Economic Nonsense: 17. The Industrial Revolution brought squalor and impoverished the poor

Life for poor people, which meant most people, was pretty miserable before the Industrial Revolution. It was short, full of toil and deprivation. Most worked on the land, rose at dawn, retired at dusk, and did hard physical labour. Starvation was an ever-present threat, and subsistence depended on adequate harvests. A bad year could be fatal. Life expectancy was low, diets were poor and disease was rampant.

Movement into the towns and factories spurred by the Industrial Revolution was a step up for the overwhelming majority. They earned wages. They lived in housing that is today thought squalid, but was in fact an improvement on the pitiful country hovels they had lived in previously. Their food was better and life expectancy began to rise. They began to be able to afford luxuries such as pottery, metal utensils and tea.

The myth that the Industrial Revolution brought squalor and deprivation was propagated by Friedrich Engels amongst others, who failed to compare conditions in industrial towns with the conditions they replaced. It was a commonplace error until T S Ashton published “The Industrial Revolution” in 1949, showing how it brought social and economic progress, and lifted the living standards and life chances of millions.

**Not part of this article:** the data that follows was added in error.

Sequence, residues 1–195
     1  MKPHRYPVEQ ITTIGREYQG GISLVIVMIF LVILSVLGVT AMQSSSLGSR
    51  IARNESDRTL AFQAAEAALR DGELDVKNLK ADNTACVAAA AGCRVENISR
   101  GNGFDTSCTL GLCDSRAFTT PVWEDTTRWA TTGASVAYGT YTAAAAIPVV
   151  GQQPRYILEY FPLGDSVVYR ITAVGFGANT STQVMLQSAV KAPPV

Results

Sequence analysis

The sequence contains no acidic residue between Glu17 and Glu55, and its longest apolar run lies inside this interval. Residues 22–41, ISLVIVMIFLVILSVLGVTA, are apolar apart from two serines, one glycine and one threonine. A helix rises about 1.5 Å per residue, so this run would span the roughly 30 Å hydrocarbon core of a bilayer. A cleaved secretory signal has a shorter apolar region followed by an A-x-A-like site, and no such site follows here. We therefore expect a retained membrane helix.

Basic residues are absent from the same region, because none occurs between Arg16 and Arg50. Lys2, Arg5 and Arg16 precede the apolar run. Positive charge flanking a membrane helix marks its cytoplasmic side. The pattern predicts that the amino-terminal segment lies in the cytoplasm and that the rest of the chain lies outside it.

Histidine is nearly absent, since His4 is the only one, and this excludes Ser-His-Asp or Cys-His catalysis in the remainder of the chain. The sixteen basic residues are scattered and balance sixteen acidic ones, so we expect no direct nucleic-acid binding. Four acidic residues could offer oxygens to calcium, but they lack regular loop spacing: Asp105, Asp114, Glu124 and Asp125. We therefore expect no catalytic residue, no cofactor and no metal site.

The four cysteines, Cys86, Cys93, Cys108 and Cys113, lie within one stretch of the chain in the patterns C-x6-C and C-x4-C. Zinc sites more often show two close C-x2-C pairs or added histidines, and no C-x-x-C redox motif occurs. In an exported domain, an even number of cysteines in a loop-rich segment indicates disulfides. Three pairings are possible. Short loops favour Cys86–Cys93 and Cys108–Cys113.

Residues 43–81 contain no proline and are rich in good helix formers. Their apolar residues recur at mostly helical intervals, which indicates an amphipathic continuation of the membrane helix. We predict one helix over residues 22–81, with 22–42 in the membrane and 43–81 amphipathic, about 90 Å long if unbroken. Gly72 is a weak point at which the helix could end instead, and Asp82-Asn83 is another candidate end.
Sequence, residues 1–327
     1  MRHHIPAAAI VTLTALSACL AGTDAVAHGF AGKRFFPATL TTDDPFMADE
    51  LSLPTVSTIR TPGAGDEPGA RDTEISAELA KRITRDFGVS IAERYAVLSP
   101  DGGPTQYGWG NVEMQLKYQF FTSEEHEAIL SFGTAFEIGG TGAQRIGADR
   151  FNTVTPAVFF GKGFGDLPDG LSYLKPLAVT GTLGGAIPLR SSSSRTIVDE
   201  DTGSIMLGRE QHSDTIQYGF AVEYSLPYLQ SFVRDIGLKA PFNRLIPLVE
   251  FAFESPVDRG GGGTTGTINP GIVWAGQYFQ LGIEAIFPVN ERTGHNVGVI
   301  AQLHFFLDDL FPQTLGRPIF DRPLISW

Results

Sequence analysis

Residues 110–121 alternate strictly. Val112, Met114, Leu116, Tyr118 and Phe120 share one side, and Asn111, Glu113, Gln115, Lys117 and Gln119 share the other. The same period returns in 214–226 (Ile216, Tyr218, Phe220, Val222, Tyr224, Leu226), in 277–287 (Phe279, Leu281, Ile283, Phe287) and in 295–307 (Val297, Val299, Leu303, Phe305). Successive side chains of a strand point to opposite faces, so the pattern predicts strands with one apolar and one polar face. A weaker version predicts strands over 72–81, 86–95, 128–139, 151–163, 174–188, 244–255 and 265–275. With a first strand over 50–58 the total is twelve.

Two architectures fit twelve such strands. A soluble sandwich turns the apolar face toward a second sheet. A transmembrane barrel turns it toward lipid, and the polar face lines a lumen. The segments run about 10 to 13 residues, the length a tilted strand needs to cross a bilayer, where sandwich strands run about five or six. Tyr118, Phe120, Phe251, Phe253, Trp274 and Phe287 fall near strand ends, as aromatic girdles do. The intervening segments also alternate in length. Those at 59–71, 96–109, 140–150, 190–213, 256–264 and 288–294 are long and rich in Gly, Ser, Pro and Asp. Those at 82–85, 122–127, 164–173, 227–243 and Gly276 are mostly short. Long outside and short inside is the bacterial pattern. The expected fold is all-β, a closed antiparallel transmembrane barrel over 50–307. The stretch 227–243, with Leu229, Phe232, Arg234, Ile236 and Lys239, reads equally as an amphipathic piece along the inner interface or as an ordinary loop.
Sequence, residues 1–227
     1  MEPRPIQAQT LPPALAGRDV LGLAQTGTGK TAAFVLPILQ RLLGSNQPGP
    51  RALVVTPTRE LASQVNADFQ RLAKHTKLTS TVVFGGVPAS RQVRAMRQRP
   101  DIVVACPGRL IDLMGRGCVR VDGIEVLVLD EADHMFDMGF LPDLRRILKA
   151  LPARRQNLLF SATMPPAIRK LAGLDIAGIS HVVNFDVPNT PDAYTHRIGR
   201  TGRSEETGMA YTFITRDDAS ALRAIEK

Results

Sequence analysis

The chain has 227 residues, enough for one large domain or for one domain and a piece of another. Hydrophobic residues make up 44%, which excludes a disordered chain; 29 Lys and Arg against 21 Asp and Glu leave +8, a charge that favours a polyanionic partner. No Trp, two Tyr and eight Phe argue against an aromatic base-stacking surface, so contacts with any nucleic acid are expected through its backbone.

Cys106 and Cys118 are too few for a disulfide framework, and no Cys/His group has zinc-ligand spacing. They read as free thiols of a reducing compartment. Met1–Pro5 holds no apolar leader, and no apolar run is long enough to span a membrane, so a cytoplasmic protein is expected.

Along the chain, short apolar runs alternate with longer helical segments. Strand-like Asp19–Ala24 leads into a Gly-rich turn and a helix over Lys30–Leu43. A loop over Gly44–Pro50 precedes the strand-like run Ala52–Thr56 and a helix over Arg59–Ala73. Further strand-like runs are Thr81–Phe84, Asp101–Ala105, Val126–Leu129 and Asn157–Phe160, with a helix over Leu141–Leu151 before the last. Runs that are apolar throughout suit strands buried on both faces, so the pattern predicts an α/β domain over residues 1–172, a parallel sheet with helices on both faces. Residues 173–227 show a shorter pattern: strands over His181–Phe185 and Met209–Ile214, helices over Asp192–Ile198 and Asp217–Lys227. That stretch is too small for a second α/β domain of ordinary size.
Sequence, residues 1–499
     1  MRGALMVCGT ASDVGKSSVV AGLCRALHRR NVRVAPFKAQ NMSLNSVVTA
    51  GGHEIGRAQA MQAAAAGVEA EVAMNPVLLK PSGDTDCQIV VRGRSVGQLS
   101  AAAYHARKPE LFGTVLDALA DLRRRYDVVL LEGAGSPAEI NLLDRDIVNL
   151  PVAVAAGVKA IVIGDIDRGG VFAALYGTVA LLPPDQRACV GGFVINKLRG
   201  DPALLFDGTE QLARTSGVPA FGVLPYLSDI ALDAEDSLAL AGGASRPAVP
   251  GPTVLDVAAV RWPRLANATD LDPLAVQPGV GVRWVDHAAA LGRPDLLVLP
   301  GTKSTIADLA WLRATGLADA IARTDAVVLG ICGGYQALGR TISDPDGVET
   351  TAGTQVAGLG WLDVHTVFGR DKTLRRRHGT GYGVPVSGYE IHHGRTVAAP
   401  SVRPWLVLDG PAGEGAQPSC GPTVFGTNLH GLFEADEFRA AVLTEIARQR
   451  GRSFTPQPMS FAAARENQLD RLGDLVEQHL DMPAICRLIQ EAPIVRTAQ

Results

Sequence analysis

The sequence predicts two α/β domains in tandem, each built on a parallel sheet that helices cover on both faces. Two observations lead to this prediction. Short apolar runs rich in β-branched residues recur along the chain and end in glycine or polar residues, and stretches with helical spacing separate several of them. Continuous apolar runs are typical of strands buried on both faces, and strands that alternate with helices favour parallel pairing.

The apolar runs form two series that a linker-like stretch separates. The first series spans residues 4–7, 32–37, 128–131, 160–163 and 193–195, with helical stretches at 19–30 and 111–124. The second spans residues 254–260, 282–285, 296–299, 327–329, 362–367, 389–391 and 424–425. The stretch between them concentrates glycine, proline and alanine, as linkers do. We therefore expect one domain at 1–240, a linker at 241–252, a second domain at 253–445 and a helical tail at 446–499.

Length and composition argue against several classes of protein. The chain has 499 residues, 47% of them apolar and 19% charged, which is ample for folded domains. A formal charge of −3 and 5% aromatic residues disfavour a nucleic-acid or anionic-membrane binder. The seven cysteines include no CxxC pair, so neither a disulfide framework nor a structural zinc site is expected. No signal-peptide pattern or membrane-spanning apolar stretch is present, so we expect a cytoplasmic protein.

It was the Industrial Revolution that generated the wealth that paid for advances in public health and sanitation. It led to the conquest not only of extreme poverty, but of curable and preventable diseases. Far from bringing poverty and misery to the masses, it did the opposite, lifting their material conditions at a rate and to a level never before witnessed in human history. It was one of the most benign events that people have brought about, and it set the world on an upward course which still benefits millions of people today.

Plain packaging: stop the nonsense

The Adam Smith Institute’s President, Dr. Madsen Pirie, recently spoke at the “Stop the Nonsense” evening by Forest, Parliament Street & Liberal Vision. You can watch his speech below.

 

Maybe there is no zero lower bound on interest rates

Tim Worstall has a fantastic piece on Forbes which neatly lays out a lot of the monetary policy views I have been making the case for here on the blog.

In it he:

  • Shows that many securities can hit yields below zero (such as, most recently, European governments’ bonds), implying that the Keynesian ‘Zero Lower Bound’ argument that monetary policy is impotent when rates hit zero is false or irrelevant
  • Argues that we should favour monetary stabilisation of boom-bust because it allows us to have a small state, which we have other good reasons for favouring